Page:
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I forgot to give you my thoughts on knees in or out. If I try to hold my knees in very close to the tank the inside of my legs will get tired real fast. If I try to spread eagle them like some guys I have seen cruising around I realize that I have only really seen them doing that in town and I see why as the wind tries to make me do the splits. There is a happy medium you will have to find that will allow you to eat up the miles in comfort. I also couldn't find any advantages in gas mileage with either position. Go with what is comfortable for you!
 

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It will be two years in October since I took the MSF course and owned my first bike. The course is invaluable to a beginner, and many seasoned riders have said it really changed the way they ride. I can't imagine trying to learn on my own, knowing what they taught me. For one thing, you practice and practice taking turns over and over, to the point that I was dragging pegs on the course on that little 250cc bike like I had been on it for years. Not that it didn't un-nerve me a little, but that shows to a point that you learn to ride and understand that the bike will do what you ask it to, in a controlled atmosphere. It really does apply to any bike you ride. Of course, there's a period of adjustment to a bigger bike, but the basics you learn in that course apply to all street bikes. I remember after the course, when I got my license and took my KZ550 out on my first ride, going 60 felt like I was strapped onto a rocket! I felt totally out of control. I was out of my comfort zone. Stay in your comfort zone, and keep learning what you can. Your comfort zone will expand as you learn and ride. But, what ever it takes, find a way to get into the MSF course. You and the world around you will be soooooo much safer for it!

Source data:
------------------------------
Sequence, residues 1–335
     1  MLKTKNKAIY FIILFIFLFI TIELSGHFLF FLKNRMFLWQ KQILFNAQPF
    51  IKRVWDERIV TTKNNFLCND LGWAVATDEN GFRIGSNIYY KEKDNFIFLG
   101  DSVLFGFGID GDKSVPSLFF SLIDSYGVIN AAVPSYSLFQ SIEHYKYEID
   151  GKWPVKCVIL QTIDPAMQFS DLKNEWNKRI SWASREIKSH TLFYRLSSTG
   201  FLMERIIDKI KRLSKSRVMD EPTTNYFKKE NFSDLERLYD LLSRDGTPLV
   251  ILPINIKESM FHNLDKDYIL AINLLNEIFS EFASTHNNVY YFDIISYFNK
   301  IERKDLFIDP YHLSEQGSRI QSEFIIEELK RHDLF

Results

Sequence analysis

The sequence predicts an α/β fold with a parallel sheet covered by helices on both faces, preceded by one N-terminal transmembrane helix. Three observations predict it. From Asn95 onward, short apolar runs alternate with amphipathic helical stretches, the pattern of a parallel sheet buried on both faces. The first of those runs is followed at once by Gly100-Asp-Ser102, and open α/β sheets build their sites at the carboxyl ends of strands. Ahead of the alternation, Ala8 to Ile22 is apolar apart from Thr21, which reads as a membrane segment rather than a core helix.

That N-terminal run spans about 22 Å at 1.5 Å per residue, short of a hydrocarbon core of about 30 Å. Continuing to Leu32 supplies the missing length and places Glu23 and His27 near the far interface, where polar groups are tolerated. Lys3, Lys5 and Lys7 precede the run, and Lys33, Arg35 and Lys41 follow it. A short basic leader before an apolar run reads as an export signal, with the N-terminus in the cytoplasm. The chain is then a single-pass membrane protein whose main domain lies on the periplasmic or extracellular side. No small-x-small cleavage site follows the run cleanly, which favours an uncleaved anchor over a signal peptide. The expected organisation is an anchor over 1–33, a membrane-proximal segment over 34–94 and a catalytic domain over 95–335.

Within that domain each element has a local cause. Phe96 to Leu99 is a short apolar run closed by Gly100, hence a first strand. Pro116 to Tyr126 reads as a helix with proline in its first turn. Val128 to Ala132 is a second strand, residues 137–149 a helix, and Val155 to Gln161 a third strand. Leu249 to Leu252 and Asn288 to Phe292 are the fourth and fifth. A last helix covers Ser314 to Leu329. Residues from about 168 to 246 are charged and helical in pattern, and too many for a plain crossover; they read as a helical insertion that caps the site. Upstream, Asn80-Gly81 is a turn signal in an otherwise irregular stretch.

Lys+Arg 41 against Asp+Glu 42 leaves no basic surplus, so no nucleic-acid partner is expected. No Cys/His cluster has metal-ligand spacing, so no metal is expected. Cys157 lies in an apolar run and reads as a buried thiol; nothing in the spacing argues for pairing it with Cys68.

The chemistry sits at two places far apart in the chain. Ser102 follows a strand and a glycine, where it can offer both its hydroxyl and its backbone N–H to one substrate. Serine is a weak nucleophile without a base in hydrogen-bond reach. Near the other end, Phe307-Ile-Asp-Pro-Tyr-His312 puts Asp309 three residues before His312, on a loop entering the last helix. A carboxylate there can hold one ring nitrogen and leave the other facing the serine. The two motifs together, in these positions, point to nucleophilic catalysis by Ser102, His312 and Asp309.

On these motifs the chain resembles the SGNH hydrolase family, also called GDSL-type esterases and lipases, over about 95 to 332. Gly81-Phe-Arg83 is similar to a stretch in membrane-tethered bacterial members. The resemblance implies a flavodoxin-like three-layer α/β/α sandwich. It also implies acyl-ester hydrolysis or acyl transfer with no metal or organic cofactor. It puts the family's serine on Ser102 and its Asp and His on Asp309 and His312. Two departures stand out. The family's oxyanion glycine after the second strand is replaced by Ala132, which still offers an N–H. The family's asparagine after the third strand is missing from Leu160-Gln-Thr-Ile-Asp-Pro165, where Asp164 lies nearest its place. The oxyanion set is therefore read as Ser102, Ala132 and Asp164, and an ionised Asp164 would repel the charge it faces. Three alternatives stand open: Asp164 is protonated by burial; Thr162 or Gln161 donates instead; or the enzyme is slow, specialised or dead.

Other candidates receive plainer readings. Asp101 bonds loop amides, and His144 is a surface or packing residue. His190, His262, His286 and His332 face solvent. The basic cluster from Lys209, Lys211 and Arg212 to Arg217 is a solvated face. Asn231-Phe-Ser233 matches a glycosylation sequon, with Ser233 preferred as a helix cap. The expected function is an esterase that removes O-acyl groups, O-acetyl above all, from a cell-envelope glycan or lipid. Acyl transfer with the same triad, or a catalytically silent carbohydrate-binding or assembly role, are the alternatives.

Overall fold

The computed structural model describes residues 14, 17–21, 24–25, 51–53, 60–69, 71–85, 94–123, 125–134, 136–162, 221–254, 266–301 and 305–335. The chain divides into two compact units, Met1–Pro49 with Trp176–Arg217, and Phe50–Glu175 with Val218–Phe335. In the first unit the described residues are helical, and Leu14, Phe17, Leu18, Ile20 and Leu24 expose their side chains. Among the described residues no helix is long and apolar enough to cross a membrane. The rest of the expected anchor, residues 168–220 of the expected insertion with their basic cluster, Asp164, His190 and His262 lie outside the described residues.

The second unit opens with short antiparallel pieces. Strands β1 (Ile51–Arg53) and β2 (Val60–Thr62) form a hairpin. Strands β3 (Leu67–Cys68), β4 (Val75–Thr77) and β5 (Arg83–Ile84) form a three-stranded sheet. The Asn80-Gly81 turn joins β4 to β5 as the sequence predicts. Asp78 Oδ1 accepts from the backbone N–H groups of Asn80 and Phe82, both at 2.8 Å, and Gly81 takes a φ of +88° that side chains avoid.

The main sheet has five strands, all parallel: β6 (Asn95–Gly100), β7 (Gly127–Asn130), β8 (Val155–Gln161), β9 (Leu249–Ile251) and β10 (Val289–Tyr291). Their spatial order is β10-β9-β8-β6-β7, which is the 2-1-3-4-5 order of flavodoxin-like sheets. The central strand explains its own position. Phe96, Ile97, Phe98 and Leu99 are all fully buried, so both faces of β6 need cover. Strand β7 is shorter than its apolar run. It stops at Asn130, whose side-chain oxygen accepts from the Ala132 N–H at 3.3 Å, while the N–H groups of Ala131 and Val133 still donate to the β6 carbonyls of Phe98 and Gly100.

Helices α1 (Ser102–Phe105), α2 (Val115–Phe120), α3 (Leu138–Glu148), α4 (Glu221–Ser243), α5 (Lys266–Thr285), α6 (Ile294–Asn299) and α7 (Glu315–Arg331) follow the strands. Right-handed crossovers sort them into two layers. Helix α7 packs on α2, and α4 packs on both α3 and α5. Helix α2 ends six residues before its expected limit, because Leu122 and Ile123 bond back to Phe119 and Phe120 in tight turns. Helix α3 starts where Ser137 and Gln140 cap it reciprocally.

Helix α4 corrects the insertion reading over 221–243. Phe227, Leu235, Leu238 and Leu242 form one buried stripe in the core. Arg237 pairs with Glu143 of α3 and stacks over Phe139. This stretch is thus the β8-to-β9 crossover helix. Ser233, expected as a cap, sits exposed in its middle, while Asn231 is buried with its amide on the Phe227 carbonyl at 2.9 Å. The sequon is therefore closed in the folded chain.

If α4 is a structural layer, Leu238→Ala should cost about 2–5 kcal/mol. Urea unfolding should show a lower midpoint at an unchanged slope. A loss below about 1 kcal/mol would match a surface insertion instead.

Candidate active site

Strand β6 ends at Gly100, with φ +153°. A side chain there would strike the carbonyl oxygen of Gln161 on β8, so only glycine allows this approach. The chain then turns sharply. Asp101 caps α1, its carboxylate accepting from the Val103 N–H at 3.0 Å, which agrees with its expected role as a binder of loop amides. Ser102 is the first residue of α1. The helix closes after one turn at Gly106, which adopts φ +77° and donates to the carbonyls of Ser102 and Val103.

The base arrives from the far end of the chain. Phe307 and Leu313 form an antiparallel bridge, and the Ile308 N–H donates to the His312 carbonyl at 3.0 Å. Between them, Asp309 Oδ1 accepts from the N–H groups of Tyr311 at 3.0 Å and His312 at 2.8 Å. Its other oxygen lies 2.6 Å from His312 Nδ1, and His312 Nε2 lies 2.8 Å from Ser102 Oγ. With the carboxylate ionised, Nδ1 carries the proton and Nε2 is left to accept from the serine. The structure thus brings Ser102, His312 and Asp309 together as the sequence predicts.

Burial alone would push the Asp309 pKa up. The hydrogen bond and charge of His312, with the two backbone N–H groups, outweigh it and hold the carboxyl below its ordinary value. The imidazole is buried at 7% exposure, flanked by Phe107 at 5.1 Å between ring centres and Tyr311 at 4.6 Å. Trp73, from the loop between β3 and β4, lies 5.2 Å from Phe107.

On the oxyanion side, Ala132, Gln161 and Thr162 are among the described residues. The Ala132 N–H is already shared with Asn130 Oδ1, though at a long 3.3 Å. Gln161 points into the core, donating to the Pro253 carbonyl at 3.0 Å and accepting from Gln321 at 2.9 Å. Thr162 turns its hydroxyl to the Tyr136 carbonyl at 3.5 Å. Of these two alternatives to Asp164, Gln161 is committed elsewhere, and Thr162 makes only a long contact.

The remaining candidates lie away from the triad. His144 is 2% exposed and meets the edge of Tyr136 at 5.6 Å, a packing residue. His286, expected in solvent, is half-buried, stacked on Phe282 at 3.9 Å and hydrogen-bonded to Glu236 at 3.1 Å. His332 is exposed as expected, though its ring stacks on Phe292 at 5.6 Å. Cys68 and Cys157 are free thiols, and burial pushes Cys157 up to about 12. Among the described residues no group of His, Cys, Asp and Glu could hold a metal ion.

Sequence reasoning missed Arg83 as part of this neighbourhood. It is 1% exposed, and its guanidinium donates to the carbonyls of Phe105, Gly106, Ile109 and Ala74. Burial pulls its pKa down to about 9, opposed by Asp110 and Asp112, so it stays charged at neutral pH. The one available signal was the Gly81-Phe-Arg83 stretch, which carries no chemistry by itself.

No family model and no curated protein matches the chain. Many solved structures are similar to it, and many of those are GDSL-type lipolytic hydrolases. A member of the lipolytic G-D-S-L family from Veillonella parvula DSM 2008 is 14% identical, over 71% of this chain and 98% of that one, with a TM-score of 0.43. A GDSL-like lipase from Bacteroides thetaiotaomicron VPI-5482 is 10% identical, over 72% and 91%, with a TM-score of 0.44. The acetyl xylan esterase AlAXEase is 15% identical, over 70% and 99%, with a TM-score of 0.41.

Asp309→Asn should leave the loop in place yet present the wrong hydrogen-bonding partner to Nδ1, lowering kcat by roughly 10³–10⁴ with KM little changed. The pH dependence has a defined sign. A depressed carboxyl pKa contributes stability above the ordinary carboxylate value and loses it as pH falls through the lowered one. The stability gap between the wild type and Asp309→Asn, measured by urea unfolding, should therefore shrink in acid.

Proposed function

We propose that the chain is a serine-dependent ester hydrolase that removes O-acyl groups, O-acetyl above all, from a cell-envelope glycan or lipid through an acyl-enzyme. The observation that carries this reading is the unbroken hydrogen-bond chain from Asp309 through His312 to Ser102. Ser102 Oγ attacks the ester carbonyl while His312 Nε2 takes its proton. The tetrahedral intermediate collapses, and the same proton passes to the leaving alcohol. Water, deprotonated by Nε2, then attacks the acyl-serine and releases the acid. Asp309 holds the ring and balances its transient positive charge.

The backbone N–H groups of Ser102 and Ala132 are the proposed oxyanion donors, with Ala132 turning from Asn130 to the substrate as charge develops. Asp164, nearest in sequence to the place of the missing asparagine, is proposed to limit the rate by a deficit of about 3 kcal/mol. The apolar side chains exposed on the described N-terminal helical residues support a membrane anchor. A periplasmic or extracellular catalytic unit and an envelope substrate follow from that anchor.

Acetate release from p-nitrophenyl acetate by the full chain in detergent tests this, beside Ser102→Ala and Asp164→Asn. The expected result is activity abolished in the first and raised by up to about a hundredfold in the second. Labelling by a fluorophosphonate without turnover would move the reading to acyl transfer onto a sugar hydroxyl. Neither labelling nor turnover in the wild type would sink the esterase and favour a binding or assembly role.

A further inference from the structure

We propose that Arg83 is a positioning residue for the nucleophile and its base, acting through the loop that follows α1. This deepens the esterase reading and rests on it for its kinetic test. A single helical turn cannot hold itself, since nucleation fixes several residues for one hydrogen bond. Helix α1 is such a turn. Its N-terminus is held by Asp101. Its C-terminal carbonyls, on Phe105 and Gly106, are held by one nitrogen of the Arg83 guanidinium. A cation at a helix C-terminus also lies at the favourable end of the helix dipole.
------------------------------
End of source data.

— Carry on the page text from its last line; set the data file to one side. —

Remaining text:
For instance, if you brake at the wrong time, not knowing the physics of it, you will dump your bike and be flying over the top. Not trying to scare you, but it's way too easy to do what seems like the right thing, and find out later that you should have done the opposite. They drill these things into your head like you wouldn't believe, and they are the things that will save your life!
 

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I completely echo what Fergy said. I bought my bike in Sept. '05 and it was my first bike too. I had read up on how to operate the bike and understood in principle how they worked. But, getting on the bike and doing it was a different thing. So, I took the riders safety course around October '05 and it was absolutely worth while. Regardless of cost or distance, it's worth it.

Since Sept. '05, I've put over 20k miles on my bike, riding it year round.

Based on what you were saying about the bike being too upright around corners, it sounds to me like you're not countersteering enough and trying to put the bike into a lean with your body. Once you start really grasping the countersteering you'll see that the lean comes automatically and all you have to do is not fight the lean with your body.

On the other hand, I may not be the best guy to take advice from because I just dumped my bike last week.

One bit of advice I CAN give you though, with absolute credibility and speaking from the experience of a crash at highway speed...get good safety equipment and wear it on every ride.
 

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Discussion Starter #18
Thanks everyone. I am soaking up what you say.

Even if I could afford MSF and I could make the trip, I cannot get off work untill at least January or Febuary of '08.
 

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I agree with all of the above and also recommend keeping your knees in - but it sounds like you also need to relax. HAving your knees up against the tank can help you manoeuvre the bike round a corner, especially if you have misjudged it a little. Grip the tank with your knees and tilt the bike over with your body as described above - this can happen in town traffic too if you are too near an obstacle. Its vaguely like controlling a horse. You should have done all your braking before you go into a bend - if you have to brake you are too fast - and remember if you have misjudged a bend and need to brake, do it principally with the back wheel. You are in serious danger of losing control if you brake hard with the front wheel round a bend. And if you are going to lose control make sure you do it on a left hand bend and go off the road - on a right hand bend you will slide under the wheels of oncoming traffic.
 

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Now what
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Check out http://beginnerbikers.com/ -Everyone there is geared towards beginners. You'll get "take the MSF course" about a thousand times, but there's still lots of other good information too.